Excessive Programmatic Buying Can Reduce Viewability
In the ever-evolving world of technology, plenty of companies are looking to take advantage of the latest advancements in order to get ahead of their competition. Programmatic buying is a common technique employed online, allowing the increasingly complex process of digital marketing to become completely automated and making things much simpler for all parties concerned in the advertising process. However, using programmatic buying in excess can actually reduce the viewability of individual advertisements. This is according to results obtained from three different European countries.
The three countries involved in the discovery of this phenomenon were France, Germany and the United Kingdom. In the UK, a higher percentage of ads are purchased via programmatic methods than in Germany or France. In fact, 45% of ads were bought this way in 2014 in the UK, but only 49% of all ads were actually viewable in the second quarter of 2015, according to technical solutions company Meetrics. Meanwhile, over in Germany and France, 64% and 62% of ads were viewable. Companies throughout the latter two countries do not use programmatic buying as commonly as in the UK, and so the obvious conclusion to draw is that increased levels of programmatic buying can lead to reduced viewability rates.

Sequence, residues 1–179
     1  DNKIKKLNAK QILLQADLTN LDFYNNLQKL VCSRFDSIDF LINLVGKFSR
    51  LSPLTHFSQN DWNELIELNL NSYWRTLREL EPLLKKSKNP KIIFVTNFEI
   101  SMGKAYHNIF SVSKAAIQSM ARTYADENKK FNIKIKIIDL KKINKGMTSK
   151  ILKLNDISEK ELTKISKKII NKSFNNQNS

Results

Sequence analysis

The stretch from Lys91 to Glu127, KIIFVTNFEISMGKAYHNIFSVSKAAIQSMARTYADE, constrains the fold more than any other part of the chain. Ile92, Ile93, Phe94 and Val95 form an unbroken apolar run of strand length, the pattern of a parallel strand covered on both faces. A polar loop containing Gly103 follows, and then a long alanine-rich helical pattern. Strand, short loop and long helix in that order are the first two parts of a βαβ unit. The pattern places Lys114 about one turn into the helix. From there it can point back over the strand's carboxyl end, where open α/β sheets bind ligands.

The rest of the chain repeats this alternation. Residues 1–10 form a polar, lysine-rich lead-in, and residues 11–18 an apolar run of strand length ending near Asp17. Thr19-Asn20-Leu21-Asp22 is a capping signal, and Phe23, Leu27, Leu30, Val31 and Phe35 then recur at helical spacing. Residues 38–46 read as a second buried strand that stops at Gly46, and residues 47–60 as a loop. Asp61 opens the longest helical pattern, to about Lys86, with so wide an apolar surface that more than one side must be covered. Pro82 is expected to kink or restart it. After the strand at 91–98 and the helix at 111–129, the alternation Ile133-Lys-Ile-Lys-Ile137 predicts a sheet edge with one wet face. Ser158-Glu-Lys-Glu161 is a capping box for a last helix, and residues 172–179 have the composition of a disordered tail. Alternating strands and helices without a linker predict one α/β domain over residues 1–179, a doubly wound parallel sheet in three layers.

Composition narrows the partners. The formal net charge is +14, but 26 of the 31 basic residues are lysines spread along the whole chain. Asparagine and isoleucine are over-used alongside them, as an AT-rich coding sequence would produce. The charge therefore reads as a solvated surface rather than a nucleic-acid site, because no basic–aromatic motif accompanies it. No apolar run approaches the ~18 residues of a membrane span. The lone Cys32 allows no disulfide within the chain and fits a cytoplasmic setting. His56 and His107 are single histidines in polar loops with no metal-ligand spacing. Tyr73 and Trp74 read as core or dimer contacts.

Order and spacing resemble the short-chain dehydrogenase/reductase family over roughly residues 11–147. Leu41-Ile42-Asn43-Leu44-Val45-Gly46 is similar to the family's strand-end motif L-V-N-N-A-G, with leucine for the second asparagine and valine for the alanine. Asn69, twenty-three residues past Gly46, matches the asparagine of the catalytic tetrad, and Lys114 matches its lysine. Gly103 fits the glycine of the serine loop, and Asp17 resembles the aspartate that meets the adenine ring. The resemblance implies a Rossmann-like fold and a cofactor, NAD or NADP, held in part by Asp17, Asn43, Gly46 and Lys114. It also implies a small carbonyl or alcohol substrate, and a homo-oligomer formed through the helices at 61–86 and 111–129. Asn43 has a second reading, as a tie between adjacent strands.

It’s worth noting that an ad qualifies as viewable if 50% or more of its pixels are visible on a user’s screen for one second or longer. Therefore, with 51% of ads in the UK not qualifying as viewable, these findings represent a big issue for marketers and programmatic media providers. These techniques were created in order to improve the efficiency levels of marketing, but it seems as though the algorithms and systems in place are flawed, leading to huge wastes of time and money. In fact, over $750 million was wasted in 2014 on ads that were not viewable in the UK alone, at least according to Anant Joshi, Direct of International Business at Meetrics.
Joshi questioned the viability of systems that are compromising viewability in such a serious way. He claims that programmatic media is designed to offer a better value alternative to traditional methods of advertising, hence the rapid growth of this relatively new industry. Indeed, these figures are apparently not a major concern for companies in the UK as experts at the Interactive Advertising Bureau estimate that over 70% of UK ads will be purchased via programmatic means in the year 2018.
Evidently, improvements are needed in programmatic media systems. Google research has even managed to identify the top culprits of ads that regularly do not qualify as viewable, with large “leaderboard” images covering each end of a webpage being among the main offenders. More research obviously needs to be done in this field in order to provide accurate results for companies to analyze before investing in programmatic buying. This technology offers plenty of benefits and helps to streamline the marketing process, but just like with any other technology, optimization is needed.